(Responses from pharmaceutical companies to doctors' requests for more drug information in Pakistan)
Many doctors in the developing world do not receive adequate or appropriate responses then they request product information from drug companies, claim doctors from Pakistan in this week's BMJ. Assad Hafeez from Khan Research Laboratories Hospital in Islamabad and Zafar Mirza from The Network for Rational Use of Medication in Pakistan believe that the decision to respond to a request for more information seems to depend on how favourable it might be to the interests of the company.
The authors asses how seriously pharmaceutical companies take their responsibility to provide information on request, by recording the promptness, nature and adequacy of their replies to doctors. They found that of 152 requests to 45 companies (made by 24 doctors in different cities in Pakistan), only just over a quarter (26 per cent; 39 responses) received a response. Of these 39 responses only six met the WHO criteria for optimal drug information.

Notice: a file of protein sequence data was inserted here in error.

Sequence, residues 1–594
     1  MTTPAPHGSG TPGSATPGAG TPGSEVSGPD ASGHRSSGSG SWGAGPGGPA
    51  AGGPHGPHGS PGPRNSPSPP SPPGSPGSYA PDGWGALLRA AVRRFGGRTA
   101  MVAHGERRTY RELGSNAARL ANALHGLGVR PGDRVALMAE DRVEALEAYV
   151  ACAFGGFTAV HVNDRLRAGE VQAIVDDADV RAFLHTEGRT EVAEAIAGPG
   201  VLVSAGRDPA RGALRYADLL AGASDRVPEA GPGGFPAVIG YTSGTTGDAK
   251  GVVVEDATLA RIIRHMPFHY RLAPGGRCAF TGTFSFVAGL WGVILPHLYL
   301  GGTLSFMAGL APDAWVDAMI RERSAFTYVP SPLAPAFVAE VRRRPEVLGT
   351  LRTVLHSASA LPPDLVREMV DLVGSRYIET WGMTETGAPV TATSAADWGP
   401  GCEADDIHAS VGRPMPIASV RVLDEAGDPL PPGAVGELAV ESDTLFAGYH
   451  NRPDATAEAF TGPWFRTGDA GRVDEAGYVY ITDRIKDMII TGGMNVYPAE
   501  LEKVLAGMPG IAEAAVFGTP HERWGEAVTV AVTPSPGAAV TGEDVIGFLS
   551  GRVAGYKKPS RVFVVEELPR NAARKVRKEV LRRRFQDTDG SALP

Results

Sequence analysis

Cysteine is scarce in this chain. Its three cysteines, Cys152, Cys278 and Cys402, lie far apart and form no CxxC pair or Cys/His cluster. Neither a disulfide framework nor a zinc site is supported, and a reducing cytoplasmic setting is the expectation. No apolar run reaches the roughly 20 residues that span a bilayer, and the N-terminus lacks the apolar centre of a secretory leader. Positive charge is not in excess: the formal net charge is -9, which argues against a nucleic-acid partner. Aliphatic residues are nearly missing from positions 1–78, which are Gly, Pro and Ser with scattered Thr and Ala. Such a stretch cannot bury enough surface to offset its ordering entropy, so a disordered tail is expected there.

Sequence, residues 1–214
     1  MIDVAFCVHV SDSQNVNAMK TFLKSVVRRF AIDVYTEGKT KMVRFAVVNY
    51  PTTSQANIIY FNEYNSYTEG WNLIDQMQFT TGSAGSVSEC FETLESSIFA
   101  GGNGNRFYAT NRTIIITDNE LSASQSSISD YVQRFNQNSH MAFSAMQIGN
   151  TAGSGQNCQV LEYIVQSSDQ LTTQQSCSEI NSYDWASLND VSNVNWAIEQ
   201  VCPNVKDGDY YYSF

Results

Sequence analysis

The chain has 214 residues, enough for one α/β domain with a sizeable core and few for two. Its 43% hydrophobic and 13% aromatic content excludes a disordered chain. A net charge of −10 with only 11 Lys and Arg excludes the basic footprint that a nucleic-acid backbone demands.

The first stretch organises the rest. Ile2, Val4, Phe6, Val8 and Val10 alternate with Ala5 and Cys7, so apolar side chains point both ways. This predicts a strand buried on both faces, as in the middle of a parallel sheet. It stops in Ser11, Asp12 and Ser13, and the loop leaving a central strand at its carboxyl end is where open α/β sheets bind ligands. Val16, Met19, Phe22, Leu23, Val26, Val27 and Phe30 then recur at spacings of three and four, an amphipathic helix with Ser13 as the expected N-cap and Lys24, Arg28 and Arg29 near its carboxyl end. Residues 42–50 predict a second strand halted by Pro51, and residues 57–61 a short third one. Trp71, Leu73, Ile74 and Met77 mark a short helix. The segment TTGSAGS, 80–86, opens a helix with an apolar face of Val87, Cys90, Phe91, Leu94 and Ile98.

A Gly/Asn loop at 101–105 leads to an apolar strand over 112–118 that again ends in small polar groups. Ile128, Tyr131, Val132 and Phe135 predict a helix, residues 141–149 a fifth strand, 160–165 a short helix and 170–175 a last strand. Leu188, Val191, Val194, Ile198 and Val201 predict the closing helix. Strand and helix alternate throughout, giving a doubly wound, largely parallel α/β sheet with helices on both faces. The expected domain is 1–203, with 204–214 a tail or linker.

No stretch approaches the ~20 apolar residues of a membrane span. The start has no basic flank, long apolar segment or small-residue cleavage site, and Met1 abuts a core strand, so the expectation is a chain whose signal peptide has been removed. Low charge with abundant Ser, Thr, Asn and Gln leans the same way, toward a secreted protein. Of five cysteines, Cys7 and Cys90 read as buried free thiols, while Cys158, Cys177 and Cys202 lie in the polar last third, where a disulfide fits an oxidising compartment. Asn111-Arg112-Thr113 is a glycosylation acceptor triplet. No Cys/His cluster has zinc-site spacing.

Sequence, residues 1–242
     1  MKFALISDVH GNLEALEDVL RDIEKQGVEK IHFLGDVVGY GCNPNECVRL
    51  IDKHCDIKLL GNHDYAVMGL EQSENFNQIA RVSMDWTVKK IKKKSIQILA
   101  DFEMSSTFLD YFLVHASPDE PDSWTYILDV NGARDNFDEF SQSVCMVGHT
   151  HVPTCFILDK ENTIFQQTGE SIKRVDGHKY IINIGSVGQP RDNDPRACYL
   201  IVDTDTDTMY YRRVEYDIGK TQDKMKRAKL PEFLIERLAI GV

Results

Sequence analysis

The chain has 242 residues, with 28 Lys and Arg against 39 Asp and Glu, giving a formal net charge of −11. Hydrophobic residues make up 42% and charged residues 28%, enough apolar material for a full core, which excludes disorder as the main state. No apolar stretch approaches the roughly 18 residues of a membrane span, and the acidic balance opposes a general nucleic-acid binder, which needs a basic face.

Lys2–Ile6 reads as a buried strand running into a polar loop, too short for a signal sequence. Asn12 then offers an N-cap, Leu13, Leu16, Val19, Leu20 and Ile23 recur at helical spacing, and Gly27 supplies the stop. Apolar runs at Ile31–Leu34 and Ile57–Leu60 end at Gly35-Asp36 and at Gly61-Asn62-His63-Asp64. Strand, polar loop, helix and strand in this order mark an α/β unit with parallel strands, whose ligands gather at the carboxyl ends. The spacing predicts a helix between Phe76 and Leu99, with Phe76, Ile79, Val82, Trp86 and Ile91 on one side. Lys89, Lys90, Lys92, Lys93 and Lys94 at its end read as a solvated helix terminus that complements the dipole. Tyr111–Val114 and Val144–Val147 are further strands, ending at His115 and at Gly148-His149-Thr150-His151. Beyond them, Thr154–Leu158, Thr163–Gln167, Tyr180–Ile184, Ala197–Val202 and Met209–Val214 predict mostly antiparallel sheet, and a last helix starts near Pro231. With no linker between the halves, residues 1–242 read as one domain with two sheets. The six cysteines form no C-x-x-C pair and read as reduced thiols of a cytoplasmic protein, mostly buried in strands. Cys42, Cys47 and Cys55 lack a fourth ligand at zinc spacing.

Hafeez and Mirza also found that the specialists who made requests received twice as many responses as the general practitioners, which they claim is because "specialists are seen as opinion formers and more important to the companies that general practitioners." They conclude that objective drug information is essential for effective prescribing and they call upon the Pakistan ministry of health, academic institutes and non-governmental organisations to make available unbiased information on drugs.
Dr Assad Hafeez, Consultant Paediatrician, Paediatric Department, Khan Research Laboratories Hospital, Islamabad, Pakistan firstname.lastname@example.org